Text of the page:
09.17.2020 0

Russia, China Locking up America’s Natural Resources

Bingham Canyon Mine, known today as the Kennecott Copper Mine photo credit: Reidsguide.com

By Catherine Mortensen

At the height of the Great Depression, my great-grandfather and his two sons left their tiny Northern New Mexico village in search of economic opportunity.

All three men found work at the massive open pit Bingham Copper Mine just west of Salt Lake City. Today it is known as the Kennecott Copper Mine. While the work was hard, for men of that era, it was a source of great pride to have what they called “a steady job.” Eventually the oldest son, my grandfather Jose Medardo Martinez, left the mines to work as a welder. For the next thirty years he earned union wages and provided a stable middle-class life for his family.

His son (my father) served as a pilot in the U.S. Air Force, retiring as a colonel. I was blessed with the opportunity to attend Harvard University where I earned a master’s degree and later worked on Capitol Hill. I believe that my family’s upward mobility is the direct result of my great-grandfather’s decision to leave his village and work in the mines.

And it is not just my family that has benefited from the development of our country’s abundant natural resources. Mining is a part of every American success story. The United States is blessed with the resources and talent to be energy independent, meaning we do not have to rely on other countries for our oil, gas, coal, or critical minerals. And we aren’t. Under President Trump’s pro-energy policies, for the first time in 60 years, America is energy independent.

But experts in the field say if we are not vigilant, we could lose that advantage to countries like China and Russia who are constantly attempting to deny us access to our resources. Geologist Dr. Ned Mamula has over 30 years of experience in the fields of energy and mineral exploration, production, and resource policy on federal lands. He is the author of the book, “Groundbreaking, America’s New Quest for Mineral Independence” which explores the “all-too-real consequences of misguided resource management policy decisions and environmental alarmism.”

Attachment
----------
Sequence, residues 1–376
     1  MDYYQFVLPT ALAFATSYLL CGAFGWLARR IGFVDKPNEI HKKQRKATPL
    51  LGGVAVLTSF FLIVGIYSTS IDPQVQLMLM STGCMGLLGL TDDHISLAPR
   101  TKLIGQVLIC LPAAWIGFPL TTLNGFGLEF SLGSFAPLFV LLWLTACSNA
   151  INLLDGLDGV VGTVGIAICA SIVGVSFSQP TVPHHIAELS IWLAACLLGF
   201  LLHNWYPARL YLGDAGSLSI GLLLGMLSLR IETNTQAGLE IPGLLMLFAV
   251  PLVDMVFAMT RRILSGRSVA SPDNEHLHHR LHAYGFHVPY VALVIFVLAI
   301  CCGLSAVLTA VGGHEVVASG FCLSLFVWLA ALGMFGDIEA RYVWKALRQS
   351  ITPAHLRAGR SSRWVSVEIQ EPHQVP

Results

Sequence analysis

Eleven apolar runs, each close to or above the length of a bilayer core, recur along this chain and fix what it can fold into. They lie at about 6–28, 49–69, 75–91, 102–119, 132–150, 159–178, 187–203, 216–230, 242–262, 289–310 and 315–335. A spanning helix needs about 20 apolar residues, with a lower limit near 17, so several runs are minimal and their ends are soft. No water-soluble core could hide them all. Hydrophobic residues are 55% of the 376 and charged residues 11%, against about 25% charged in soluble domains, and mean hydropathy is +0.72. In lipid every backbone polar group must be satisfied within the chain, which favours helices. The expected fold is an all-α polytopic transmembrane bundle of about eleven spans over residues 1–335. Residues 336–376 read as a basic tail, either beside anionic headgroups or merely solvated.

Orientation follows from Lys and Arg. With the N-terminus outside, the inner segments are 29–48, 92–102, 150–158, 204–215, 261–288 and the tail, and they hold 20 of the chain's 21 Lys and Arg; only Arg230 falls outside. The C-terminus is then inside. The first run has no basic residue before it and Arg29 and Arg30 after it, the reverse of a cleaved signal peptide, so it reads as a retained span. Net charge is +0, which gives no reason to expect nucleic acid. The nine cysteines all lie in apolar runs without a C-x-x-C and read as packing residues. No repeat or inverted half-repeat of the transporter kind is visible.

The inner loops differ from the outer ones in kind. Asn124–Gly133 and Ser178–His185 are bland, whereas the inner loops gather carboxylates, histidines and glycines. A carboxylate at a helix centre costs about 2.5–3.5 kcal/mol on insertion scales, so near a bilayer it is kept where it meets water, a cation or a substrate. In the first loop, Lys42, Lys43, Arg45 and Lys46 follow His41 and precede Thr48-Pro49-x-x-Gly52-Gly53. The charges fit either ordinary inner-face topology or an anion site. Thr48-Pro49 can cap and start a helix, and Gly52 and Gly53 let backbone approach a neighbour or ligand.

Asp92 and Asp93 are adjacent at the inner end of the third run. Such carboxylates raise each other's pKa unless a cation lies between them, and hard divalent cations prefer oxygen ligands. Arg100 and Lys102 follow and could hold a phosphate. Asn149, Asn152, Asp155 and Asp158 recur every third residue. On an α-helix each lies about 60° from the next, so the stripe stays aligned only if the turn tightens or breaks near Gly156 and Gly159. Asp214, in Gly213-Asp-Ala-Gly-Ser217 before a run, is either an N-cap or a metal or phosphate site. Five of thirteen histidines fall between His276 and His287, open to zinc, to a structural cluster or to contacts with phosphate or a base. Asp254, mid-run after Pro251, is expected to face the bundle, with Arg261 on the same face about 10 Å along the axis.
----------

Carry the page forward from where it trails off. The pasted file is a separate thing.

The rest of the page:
Mamula said misguided policies have allowed Chinese and Russian state-operated enterprises, SOEs, to “partially lock-up” some of our most important natural resources. An SOE operates as a private company, but is in fact, a state-owned asset, controlled run by its the host government.

“We have foreign companies that are fronts for their governments,” explained Mamula. “They gain access to energy and mineral leases on U.S. federal lands and –which essentially provides them with “ownership” of key American resources.” He said he is not surprised that a dubious Chinese investment firm may be meddling in the decision process for Alaska’s Pebble Mine, because Chinese investors they have already gained partial control of other U.S. mineral deposits such as the giant Mountain Pass rare earth mine in southern California. Mamula says Russian SOEs have also acquired ownership of uranium producing leases to uranium mines in parts of the Western U.S.

China and Russia are gaining access to our rare earth and uranium mineral resources, respectively, by receiving CFIUS (Committee on Foreign Investment in the U.S.) approval and then taking advantage of the American laws to tie up, in this case, uranium mine leases with no intention to mine them. The SOEs sit on them and ensure no one else can gain access to the resources.

With the American uranium mining industry already on life support, we could one day become totally dependent on these foreign governments for our entire nuclear energy output.

If Congress doesn’t take action to stop these trends, Mamula predicts we’ll face economic pain because of “shortages” of critical minerals which we have in abundance in our country.

“People won’t be able to get a cell phone, or they will be standing in a long line wrapped around an Apple store,” explained Mamula. “That might sound far-fetched, people will laugh – but scenarios like this that involve “shortages” of critical minerals could be are right around the corner.”

Rick Manning, President of Americans for Limited Government isn’t laughing.

“I remember the Arab oil embargo in the seventies,” he said. “It was a nightmare. People would sit in their car for an hour, sometime two, to get gas, and even then, there was a limit.”

Manning said Chinese meddling in our natural resources threatens our energy independence.

“The U.S. government should move forward to approve Pebble Mine as an important first step in restoring our ability to end our dependency upon a Beijing regime which is engaged in war tactics against us.”

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